IBM demonstrated the result of more than three years' development this week when it unveiled its TotalStorage SAN Volume Controller (SVC) at its Hursley Park, UK laboratories.
Previously known as Lodestone, the product is "mostly software", according to lead architect Steve Legg, but is being sold with specially configured x-Series IBM servers to ensure reliability. The SVC uses four 2 Gb/s FibreChannel interfaces, a 4GB cache and dual 2.4GHz Pentium 4 to manage heterogeneous hard disk storage independently of application servers -- storage virtualisation, in other words, one of the hot topics in current SME systems design.
Storage virtualisation is disk management where the physical details of the hard disks are hidden by a controller from servers on a network. The controller can organise caching, reaction to faults, storage attachment and removal, as well as security, backup and other management issues, by bringing disparate devices together into components of one unit of storage, a single virtual disk drive which in the SVC can be up to 2 petabytes (roughly a million gigabytes) in size.
This leads, says IBM, to better resource utilisation, easier management and more efficient use of system administrators' time.
The SVC is an in-band virtualiser, which means it handles all the file data itself. Out-of-band virtualisation tells servers where to read and write data, but then lets them do it directly. This is a religious schism in the virtualisation community: "In-band does increase latency, but it gives us complete control over the storage network," said Legg, "which is necessary for high availability and guaranteed performance. Quality of Service [QoS] is much easier to deliver."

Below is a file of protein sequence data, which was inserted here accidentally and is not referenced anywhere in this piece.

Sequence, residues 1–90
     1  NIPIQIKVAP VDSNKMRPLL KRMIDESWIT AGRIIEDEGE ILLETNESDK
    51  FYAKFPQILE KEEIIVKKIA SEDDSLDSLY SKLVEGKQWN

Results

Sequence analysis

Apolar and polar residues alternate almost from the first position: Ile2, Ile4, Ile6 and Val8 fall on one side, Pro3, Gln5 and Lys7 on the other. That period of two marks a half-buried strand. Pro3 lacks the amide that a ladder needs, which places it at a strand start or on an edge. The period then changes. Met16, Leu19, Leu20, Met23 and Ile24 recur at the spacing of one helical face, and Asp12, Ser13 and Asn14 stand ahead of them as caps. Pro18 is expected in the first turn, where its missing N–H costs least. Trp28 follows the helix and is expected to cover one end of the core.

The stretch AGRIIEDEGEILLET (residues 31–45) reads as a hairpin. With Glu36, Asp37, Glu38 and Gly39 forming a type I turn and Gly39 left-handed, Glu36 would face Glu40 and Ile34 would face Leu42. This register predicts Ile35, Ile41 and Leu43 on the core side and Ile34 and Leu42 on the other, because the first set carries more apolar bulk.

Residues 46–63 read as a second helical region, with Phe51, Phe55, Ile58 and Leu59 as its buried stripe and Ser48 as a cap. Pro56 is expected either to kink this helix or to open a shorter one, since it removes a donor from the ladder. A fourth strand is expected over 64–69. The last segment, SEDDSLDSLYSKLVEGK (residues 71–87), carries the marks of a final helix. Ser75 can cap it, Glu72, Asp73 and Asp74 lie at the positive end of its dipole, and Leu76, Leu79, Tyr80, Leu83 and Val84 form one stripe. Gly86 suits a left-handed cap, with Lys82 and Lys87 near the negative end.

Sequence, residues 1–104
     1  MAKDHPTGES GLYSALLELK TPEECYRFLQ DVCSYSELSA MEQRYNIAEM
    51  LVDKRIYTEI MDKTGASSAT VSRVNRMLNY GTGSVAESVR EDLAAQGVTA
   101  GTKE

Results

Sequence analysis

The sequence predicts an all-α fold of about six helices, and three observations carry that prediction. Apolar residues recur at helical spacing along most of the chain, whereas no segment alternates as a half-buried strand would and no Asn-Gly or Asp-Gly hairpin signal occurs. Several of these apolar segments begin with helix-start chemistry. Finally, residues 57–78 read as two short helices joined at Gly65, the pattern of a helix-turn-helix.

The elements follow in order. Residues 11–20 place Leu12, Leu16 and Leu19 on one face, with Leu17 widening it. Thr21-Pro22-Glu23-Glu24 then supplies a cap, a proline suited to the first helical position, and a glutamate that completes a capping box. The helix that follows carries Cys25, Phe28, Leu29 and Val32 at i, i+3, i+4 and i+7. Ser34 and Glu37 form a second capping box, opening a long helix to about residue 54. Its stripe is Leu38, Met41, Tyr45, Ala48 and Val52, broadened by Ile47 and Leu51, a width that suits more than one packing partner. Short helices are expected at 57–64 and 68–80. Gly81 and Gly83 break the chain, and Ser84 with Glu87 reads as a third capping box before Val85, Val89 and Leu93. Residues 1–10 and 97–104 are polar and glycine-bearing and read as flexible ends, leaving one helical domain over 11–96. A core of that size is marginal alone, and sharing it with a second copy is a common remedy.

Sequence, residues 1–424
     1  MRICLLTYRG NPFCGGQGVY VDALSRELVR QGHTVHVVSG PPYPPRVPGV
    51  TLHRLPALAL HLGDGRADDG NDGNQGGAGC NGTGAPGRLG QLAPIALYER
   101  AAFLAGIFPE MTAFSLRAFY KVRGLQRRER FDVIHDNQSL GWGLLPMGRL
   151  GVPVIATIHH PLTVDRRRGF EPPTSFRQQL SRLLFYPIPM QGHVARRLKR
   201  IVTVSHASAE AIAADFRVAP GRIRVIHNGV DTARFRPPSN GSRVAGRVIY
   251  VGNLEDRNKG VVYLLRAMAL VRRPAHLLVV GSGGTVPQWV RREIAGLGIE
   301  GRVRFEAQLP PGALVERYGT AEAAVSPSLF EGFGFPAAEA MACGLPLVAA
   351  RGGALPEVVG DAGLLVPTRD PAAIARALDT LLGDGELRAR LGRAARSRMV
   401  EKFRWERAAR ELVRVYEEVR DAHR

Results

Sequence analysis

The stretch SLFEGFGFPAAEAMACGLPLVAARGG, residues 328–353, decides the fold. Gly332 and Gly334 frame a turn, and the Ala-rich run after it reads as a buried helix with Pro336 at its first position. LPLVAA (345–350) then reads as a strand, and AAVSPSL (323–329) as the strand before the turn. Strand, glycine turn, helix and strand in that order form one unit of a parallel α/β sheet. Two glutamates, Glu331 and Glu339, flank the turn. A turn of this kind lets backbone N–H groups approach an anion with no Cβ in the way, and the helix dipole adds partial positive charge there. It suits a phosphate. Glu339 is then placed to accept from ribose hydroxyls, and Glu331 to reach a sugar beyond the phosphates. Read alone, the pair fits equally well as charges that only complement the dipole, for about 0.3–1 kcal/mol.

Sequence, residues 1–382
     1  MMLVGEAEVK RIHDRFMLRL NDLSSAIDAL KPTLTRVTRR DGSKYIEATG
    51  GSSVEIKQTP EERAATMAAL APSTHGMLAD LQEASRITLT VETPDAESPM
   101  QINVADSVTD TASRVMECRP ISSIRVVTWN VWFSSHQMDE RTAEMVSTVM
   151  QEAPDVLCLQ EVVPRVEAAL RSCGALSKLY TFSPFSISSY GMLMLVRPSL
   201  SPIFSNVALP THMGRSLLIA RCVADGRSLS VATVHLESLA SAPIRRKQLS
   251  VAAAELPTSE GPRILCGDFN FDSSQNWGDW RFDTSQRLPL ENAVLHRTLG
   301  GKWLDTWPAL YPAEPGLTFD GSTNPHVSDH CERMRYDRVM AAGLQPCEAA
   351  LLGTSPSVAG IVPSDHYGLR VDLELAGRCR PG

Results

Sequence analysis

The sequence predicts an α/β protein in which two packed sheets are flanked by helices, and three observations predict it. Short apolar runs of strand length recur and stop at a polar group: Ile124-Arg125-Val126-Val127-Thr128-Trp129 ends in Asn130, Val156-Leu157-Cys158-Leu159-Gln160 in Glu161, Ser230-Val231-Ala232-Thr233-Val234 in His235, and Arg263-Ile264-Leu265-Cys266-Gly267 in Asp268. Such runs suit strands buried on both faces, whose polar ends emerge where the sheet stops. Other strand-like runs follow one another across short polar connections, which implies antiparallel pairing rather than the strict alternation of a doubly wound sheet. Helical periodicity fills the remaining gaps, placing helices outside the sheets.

He said that the SVC ran Little Blue, an IBM embedded variant of SuSE Linux, but with no OS calls in the data path: it managed 1Gbps consistent throughput.
The SVC is designed to work with other companies' hard disks, although it is currently only qualified for two types of IBM storage. "The difficult bit isn't in making it work when things go well," said Legg, "it's in making it reliable when things go wrong."
The system has been tested with heterogeneous hosts -- Intel Linux and Windows, IBM AIX, HPUX and Solaris -- and various SANs, such as Brocade, McDATA and Inrange.
"The test matrix is horrible, but in the long term we'll support many more," said Legg.
More details of qualification procedures will be available closer to launch, which is expected towards the middle of 2003, and a further release of details is expected at the end of April. Pricing hasn't been set yet, but IBM said it was thinking of a ballpark entry-level cost of around £60,000.
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